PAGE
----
We’ve Only Ourselves to Blame for Huawei



The US Trade Department added Huawei and 70 affiliates to its “Entity List” in mid-May. Membership of the Entity List effectively bans US companies from dealing with these foreign businesses without explicit approval from the US government. The move came after increasing trade tensions between the US and China, and security concerns about Huawei’s role in the provision of equipment for 5G mobile networks.

This isn’t about security, tariffs or even Huawei itself. This is about IP, IP theft and the loss of technology leadership.

China has been ripping off IP for years (CNBC Survey, IP Commission, Titanium Dioxide) and to a greater or lesser extent, it’s been allowed to get away with it. Everyone’s known about it, but few governments seem to be prepared to do anything about it.

Consumers have been complicit in this too. With websites like Gearbest and Alibaba selling directly from China, how many of us have bought cheap Chinese knock-offs because we wanted to save a buck? Look at action cams – why do they all look like GoPros? Try this search if you don’t believe me.

China has been through stages of economic reform since the mid-70s and has seen unprecedented growth of over 9% per annum up until 2013 as the private sector grew. With the opening up of the country, US companies see fat profits selling to the 1.3 billion Chinese citizens. China has used this to its advantage too, forcing companies to manufacture on the Chinese mainland where it’s even easier to steal the tech and learn how to make it.

Finally, there’s the realisation in the West that we have virtually gifted our IP and tech know-how to a new superpower for cheap gadgets and quick profits.  The penny has dropped only when a key piece of communication infrastructure for the next generation of mobile networks is coming from a Chinese company and Huawei is bearing the brunt.

I doubt there’s any real evidence of backdoors – President Trump let the facade slip somewhat when linking Huawei to a trade deal despite describing them as “very dangerous” – but yes, there is a risk of foreign state espionage and interference. The Russians do it, the Israelis do it, the British do it, the US does it and of course, the Chinese do it.

By letting IP theft go unpunished at an international level, the door’s been left open for Chinese firms to continue doing it, and build on that IP to create the best products. Yes, they sometimes get caught, like Huawei, but it’s still massively profitable.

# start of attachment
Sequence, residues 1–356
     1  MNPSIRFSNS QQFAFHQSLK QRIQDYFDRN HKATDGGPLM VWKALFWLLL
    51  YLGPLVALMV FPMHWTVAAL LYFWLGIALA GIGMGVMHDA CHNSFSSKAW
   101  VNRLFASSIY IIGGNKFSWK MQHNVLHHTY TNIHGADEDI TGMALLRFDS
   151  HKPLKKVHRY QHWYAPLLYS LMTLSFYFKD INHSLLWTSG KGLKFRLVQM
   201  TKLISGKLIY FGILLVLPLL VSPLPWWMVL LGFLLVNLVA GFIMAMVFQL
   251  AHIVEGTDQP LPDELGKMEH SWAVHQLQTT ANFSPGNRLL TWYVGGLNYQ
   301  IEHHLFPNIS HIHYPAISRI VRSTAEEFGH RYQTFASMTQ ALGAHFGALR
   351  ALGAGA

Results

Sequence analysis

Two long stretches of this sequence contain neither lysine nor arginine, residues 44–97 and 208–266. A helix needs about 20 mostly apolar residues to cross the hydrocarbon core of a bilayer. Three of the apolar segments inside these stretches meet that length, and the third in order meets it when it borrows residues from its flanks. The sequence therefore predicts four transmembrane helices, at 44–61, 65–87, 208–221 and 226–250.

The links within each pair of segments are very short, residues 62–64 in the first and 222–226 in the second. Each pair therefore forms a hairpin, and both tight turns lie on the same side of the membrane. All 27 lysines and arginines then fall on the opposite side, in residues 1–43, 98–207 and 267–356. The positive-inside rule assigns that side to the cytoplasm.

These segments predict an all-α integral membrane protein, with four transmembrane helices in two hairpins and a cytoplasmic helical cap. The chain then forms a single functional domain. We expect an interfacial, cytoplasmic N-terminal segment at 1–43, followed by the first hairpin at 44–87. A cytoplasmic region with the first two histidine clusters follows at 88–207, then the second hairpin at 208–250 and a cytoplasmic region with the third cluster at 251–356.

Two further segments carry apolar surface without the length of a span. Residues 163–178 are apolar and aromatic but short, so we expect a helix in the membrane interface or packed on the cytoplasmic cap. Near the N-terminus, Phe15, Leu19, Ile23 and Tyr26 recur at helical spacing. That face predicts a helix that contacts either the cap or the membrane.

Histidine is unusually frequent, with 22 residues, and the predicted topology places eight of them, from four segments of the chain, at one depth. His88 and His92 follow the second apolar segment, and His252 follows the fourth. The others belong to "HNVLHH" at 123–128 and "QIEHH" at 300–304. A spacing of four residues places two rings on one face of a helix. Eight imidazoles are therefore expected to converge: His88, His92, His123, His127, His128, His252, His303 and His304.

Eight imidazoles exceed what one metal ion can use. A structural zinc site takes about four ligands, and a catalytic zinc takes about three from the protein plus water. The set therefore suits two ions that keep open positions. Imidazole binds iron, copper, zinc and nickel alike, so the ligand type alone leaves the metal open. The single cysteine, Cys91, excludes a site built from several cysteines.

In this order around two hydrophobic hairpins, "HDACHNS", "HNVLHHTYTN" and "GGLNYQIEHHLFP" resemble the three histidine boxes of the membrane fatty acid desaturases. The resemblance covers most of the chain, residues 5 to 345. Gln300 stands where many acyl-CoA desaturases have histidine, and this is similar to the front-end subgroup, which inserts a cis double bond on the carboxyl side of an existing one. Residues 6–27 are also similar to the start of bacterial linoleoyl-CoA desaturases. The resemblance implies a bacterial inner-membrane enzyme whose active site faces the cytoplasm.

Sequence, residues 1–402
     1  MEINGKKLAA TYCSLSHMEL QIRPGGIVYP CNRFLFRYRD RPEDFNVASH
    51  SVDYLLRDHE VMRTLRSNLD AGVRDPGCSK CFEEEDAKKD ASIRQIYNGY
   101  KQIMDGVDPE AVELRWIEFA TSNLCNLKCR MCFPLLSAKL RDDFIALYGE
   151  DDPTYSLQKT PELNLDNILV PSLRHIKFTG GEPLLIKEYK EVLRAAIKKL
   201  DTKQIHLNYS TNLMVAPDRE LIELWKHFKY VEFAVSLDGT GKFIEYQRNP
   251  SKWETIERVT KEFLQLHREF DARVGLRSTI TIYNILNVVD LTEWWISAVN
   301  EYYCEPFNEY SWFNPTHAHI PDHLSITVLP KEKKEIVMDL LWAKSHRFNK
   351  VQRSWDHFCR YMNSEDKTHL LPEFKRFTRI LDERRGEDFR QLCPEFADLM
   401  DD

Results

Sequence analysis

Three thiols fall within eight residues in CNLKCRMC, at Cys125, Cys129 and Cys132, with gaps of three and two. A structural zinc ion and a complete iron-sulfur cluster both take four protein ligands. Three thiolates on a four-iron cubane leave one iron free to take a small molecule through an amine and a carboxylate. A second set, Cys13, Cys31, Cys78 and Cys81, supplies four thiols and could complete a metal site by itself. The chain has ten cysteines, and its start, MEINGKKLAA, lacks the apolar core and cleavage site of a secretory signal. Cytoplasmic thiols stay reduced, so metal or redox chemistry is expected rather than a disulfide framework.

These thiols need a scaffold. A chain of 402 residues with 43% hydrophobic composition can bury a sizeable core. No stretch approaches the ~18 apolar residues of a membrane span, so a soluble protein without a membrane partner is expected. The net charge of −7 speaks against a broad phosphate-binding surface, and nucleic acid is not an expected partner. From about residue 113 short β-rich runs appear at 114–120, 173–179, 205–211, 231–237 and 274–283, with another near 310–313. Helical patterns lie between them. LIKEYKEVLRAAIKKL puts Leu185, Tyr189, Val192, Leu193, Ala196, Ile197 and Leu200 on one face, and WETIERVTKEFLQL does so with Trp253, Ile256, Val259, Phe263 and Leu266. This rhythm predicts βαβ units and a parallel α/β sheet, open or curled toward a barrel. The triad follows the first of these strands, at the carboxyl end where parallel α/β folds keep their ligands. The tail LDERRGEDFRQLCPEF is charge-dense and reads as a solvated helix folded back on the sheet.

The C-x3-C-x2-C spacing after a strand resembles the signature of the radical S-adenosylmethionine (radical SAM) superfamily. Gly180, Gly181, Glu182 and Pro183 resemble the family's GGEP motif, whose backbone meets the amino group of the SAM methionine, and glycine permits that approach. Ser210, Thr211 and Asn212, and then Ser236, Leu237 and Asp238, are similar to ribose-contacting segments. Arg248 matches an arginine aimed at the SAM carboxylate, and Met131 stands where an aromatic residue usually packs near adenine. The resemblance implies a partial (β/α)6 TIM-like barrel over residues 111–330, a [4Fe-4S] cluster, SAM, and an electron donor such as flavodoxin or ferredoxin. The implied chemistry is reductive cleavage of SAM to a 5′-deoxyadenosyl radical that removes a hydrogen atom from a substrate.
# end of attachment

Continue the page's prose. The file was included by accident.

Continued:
We’ve only ourselves to blame.

China map photo by chuttersnap on Unsplash.


4 thoughts on “We’ve Only Ourselves to Blame for Huawei

  1. I found this video produced by the BBC on their show Panorama. Since I’m not a UK resident I couldn’t watch it but found the same program here is the link from the Daily Motion.com
    https://www.bing.com/videos/search?q=can+we+trust+huawei&view=detail&mid=2C8237A0847860B6973A2C8237A0847860B6973A&FORM=VIRE.

    Bloomberg reported on a story regarding Chinese subcontractors placing tiny chips on Super Micro Computers. I believe Todd-GNC also mentioned this story.

    Seems to me if China & Huawei wanted to be trusted more perhaps their actions should align with their words.

    .

  2. I think the issue of IP theft needs to be resolved at an international level and this isn’t about one single Chinese company at all. Calling it a security issues hides the real reasons though it does allow the US to up the ante, as it were. It will be interesting to see if IP reform forms any part of the trade deal.

  3. Basically you said, the security reason used by US is a bit bullshit as many do anyway, nothing new.
    But it’s all about IP, fair point, but this would not allow Trump to use security reason.

    This is like let’s kill him for security reasons but we know the reality is because he stole some items, which would not justify such action

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